THE ELECTRONIC machines in the 300 square feet room belonging to Easwaran N V (62) are all mounted on metal frames, all three feet off the ground. If his unit floods again, at least his machines will not be damaged. He sustained losses to the tune of Rs 1 crore when water rushed into his ground floor factory in Navghar near Vasai during the heavy rains and subsequent floods that rendered Vasai, Virar and Nallasopara almost marooned for a few days in July 2018.
“I have been in the metal fabrication business for more than 25 years. Everyone tells me to retire now, but what will I do at home,” Easwaran, whose only daughter is settled abroad, said. “In the past, I had never made an investment bigger than my produce. However, in May 2017 we bought a machine worth Rs 80 lakh. It was imported from China,” he recounted. Just when he thought he would be able to get bigger orders and produce better quality materials, the three satellite cities saw massive flooding from July 9 to 12.
“I rushed to the factory on July 10, but there was no way we could even cross the road to reach the factory. I finally assessed the damage three days later,” he recounted. His machine had been submerged for three days, and an integral part was damaged. “We immediately decided to send the machine to the workshop in Bangalore. They told us that we would have to replace the part, the cost of which was around Rs 22 lakh,” he said. To make matters worse, his bank loan had not been repaid. “The factory was shut for nearly two months. I wondered if I am going to die a pauper,” Easwaran said.
Most small businessmen in Vasai-Virar faced similar issues. While those with damaged houses received a small sum of Rs 5,000 as rehabilitation money, small factories were completely ignored, said Sanjeev Jain, secretary of the Industrialists’ Association in Vasai. “Most of us have faced damages in lakhs. Because of the water-logging, we couldn’t open our shops for weeks. Several people lost big orders and even staffers started quitting and relocating,” Jain said.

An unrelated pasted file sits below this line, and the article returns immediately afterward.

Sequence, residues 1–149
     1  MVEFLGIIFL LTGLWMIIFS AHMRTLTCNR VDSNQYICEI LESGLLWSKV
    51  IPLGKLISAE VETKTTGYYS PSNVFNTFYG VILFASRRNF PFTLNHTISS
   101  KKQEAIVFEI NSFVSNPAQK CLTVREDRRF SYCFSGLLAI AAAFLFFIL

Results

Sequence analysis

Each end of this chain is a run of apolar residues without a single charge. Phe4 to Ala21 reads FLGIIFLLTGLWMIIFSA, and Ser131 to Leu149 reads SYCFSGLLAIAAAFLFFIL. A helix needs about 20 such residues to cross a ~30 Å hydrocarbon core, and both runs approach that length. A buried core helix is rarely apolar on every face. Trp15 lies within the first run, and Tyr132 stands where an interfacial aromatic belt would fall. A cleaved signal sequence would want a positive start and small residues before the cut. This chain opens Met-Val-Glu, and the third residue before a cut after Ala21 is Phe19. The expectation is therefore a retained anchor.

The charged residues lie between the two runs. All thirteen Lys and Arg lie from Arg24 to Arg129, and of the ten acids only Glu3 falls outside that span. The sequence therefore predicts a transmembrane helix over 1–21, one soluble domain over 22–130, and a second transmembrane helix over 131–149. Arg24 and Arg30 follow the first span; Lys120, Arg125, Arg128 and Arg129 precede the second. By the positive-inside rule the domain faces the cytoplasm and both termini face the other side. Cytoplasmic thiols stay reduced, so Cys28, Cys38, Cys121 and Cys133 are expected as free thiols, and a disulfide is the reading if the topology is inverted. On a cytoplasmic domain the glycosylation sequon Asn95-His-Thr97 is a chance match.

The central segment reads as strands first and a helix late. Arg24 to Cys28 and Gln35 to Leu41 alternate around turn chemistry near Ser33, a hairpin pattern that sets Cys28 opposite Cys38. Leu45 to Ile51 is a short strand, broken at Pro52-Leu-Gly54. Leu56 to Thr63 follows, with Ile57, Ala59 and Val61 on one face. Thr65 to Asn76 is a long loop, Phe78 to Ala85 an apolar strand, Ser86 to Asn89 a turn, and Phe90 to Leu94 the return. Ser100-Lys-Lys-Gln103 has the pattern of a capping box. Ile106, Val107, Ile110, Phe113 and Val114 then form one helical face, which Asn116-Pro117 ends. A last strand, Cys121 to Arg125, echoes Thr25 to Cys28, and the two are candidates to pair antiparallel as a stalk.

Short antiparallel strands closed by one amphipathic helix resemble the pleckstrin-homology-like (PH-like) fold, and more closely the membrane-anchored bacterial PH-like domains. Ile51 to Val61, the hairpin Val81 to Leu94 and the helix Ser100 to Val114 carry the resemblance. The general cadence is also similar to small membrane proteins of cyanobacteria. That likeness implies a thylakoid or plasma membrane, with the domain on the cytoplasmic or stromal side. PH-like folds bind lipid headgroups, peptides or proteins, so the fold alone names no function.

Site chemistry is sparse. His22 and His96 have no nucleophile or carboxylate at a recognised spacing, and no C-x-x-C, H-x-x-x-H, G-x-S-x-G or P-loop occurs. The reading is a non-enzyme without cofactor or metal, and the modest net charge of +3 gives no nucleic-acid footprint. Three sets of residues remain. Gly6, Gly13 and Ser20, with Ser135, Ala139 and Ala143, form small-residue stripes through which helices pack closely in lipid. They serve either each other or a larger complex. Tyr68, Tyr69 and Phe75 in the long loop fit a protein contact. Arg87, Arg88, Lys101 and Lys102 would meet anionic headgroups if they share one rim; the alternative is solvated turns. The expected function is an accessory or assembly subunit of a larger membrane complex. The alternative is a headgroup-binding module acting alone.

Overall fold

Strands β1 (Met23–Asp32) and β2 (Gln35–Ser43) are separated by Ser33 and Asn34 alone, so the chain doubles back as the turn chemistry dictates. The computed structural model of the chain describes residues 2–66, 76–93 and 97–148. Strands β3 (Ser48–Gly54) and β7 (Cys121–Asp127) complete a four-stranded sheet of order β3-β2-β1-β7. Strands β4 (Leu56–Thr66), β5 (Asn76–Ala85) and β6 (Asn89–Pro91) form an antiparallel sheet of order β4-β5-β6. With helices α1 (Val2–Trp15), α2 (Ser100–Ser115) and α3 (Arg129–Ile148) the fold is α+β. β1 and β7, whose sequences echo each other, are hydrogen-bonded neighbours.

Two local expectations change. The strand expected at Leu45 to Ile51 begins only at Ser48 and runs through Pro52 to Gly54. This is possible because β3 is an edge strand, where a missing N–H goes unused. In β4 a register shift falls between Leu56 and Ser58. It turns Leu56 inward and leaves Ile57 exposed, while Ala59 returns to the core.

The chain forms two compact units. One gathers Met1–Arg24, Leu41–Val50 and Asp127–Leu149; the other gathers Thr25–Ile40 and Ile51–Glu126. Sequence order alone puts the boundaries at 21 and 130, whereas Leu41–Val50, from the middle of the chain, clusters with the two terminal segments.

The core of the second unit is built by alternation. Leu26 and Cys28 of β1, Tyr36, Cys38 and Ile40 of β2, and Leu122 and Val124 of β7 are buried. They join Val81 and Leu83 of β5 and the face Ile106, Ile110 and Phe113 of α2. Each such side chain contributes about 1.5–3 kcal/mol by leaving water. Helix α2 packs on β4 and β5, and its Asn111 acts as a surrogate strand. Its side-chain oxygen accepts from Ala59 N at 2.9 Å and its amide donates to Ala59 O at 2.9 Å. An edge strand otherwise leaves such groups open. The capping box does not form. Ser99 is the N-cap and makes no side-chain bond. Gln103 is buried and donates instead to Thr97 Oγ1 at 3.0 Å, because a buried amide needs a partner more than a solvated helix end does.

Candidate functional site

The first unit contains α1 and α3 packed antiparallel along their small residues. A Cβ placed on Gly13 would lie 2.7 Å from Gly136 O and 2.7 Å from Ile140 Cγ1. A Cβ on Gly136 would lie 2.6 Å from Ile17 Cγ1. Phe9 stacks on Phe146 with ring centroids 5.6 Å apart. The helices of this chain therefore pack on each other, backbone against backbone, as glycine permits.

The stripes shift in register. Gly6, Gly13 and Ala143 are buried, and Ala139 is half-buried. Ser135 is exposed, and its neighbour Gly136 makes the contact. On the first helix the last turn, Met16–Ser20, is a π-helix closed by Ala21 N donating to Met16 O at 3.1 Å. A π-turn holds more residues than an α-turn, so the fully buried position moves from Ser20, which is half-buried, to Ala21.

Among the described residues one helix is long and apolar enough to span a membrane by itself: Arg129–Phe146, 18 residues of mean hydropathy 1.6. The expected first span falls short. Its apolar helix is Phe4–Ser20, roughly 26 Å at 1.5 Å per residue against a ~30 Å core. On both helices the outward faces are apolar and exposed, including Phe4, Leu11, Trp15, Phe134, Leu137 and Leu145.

Easwaran decided to not give up and spoke to the bank. “I told them my story, showed them the pictures of the damage and asked for a new loan. With the money, I replaced the defunct part. After borrowing money from the family, I made some changes in the factory. Now we are back in business. We are not breaking even yet, but my factory and hope are restored,” he said.
Grace Engineer, another small businessman, claims that he learnt a great deal from the floods. “When we went to claim the insurance worth over Rs 75 lakh, I realised that the insurance agent had never bothered to check with me how much was spent on each object. I realised that my machines were not insured, but the building was. Since there was no damage to the building, I didn’t get a single penny in insurance,” he said. Engineer, who borrowed from other businessmen and also his church, said, “I am deep in debt, but now I know that my machines are insured.”
All of them say 2019 is when they hope to start making profits again, having seen the worst in the end of 2018. Vasai-Virar City Municipal Commissioner Satish Lokhande said, “We are working to ensure that the situation that arose in the monsoon of 2018 is never repeated. We have already started working on ensuring that natural channels are cleared for water to move out of the city into the sea.”
In September, the Vasai-Virar City Municipal Corporation (VVCMC) roped in IIT and NEERI to understand what caused the flood and measures to avoid it. The municipal authorities also conducted several public hearings. “We had taken insights from residents. Our engineers are working on assessing their responses after which a report will be compiled,” said Ramesh Lad, executive engineer, VVCMC.
The NEERI report suggests that other than doing in-depth research of the floodplain, steps need to be taken to ensure that a flood-like situation is averted.